2018 Economic Calendar
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International Trade  
Released On 4/5/2018 8:30:00 AM For Feb, 2018
PriorPrior RevisedConsensusConsensus RangeActual
Trade Balance Level$-56.6 B$-56.7 B$-56.7 B$-57.6 B to $-55.0 B$-57.6 B

The nation's trade deficit keeps deepening, to $57.6 billion in February for the fourth straight showing over $50 billion in a curve that continues to accelerate. The goods gap widened 0.4 percent in the month to $77.0 billion while, in a more significant effect, the services surplus narrowed 3.1 percent to $19.4 billion.

The goods gap reflects a 1.6 percent rise in imports to $214.2 billion that offsets and masks a solid 2.3 percent rise in exports to $137.2 billion. Leading the import side is a jump in food and industrials supplies and especially capital goods, the latter a positive indication for domestic business investment. Leading the export side are industrial supplies as well as a rare jump for vehicles and also a solid gain for capital goods which points to international business investment. For services, exports did in fact extend their steady climb to an impressive $67.3 billion in the month though imports also posted a rise, up 2.3 percent to $47.8 billion (further details on services are not available).

Country data show February's net gap with China at $29.3 billion followed in the distance by the European Union at $12.1 billion and Mexico at $6.1 billion. The gap with Japan was $5.5 billion in the month and with Canada, at $0.4 billion.

Though there are clear positives, namely the strength of cross-border demand, it's the increasing drag from net exports on GDP that is really the news of this report, one that is certain to get ever-increasing attention given all the questions over rising trade friction centered between the U.S. and China.

Consensus Outlook
The international trade deficit for goods and services is expected to widen slightly in February to $56.7 billion which would be in line with a deepening in the month's goods deficit (already reported). Exports may be solid in the February report but look to be offset by a further rise for imports.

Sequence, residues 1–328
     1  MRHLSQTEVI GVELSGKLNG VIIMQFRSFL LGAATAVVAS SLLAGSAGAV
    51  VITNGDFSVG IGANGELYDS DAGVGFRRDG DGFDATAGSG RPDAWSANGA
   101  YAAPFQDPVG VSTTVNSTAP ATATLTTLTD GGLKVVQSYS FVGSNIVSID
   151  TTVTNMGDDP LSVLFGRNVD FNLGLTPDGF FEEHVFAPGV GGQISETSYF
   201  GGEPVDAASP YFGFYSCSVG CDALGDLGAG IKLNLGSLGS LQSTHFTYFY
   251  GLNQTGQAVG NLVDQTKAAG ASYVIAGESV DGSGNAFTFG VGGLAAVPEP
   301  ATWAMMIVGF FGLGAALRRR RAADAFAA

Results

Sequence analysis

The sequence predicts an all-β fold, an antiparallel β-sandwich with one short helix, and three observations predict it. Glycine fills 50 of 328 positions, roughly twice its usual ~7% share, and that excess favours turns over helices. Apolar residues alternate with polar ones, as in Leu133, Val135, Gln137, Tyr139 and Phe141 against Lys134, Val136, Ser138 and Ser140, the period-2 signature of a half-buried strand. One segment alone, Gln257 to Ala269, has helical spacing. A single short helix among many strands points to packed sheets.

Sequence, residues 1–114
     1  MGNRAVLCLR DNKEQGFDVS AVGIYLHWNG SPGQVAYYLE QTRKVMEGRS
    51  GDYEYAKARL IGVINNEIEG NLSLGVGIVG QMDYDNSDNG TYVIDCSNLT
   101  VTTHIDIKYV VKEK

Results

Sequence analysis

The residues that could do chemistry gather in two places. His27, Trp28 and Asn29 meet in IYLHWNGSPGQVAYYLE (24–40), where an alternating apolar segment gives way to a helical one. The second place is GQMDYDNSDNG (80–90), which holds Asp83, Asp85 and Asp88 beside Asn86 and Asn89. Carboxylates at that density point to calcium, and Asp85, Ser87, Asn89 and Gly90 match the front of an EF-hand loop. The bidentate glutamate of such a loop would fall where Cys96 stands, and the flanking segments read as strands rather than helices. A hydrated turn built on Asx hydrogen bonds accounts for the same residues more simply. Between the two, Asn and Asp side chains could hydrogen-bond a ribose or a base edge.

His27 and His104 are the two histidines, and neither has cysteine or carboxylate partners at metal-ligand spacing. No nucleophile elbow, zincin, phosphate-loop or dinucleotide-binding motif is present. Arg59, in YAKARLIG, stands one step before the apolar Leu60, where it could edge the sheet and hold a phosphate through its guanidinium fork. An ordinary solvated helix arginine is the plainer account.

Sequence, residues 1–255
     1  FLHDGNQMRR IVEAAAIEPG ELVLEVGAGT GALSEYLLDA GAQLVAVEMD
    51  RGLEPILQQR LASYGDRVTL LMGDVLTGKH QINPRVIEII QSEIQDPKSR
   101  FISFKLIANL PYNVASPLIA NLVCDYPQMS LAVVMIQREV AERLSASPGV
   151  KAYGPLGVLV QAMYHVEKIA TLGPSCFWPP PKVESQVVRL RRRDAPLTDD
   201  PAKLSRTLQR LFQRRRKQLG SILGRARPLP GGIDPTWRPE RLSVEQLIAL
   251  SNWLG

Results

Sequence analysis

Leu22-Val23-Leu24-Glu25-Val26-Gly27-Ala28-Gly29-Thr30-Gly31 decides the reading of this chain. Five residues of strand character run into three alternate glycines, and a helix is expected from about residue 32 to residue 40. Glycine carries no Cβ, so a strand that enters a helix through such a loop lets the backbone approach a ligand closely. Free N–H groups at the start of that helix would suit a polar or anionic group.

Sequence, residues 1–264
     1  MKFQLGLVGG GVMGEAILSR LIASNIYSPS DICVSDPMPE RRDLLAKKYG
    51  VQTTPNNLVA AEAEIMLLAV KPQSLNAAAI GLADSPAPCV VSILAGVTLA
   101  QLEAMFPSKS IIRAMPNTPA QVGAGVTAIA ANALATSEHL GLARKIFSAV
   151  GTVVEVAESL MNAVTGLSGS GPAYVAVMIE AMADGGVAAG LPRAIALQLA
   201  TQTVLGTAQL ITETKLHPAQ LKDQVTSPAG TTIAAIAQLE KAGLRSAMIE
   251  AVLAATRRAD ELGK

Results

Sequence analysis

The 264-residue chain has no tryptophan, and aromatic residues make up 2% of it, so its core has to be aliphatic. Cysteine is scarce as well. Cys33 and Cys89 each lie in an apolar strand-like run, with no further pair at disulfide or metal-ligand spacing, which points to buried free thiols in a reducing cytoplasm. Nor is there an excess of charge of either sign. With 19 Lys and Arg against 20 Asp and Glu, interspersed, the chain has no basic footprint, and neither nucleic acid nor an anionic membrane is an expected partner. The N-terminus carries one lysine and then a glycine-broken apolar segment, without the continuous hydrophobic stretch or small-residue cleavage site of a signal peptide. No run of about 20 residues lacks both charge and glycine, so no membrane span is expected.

International trade is composed of merchandise (tangible goods) and services. It is available nationally by export, import and trade balance. Merchandise trade is available by export, import and trade balance for six principal end-use commodity categories and for more than one hundred principal Standard International Trade Classification (SITC) system commodity groupings. Data are also available for 48 countries and 7 geographic regions. Detailed information is reported on oil and motor vehicle imports. Services trade is available by export, import and trade balance for seven principal end-use categories.  Why Investors Care
Exports grow when foreign economies are strong. The weaker the foreign exchange value of the dollar, the less expensive goods and services are to foreigners, and this also helps spurt export activity. Imports grow when U.S. economic growth is robust. Imports are also spurred by a strong foreign exchange value of the dollar.
Data Source: Haver Analytics
The nation's international trade balance has been in continuous deficit since the 1980s. Yet trade, even though in deficit, can still add to GDP provided the deficit is narrowing. A deepening deficit is a negative for GDP.
Data Source: Haver Analytics

2018 Release Schedule
Released On: 1/52/63/74/55/36/67/68/39/510/511/212/6
Release For: NovDecJanFebMarAprMayJunJulAugSepOct

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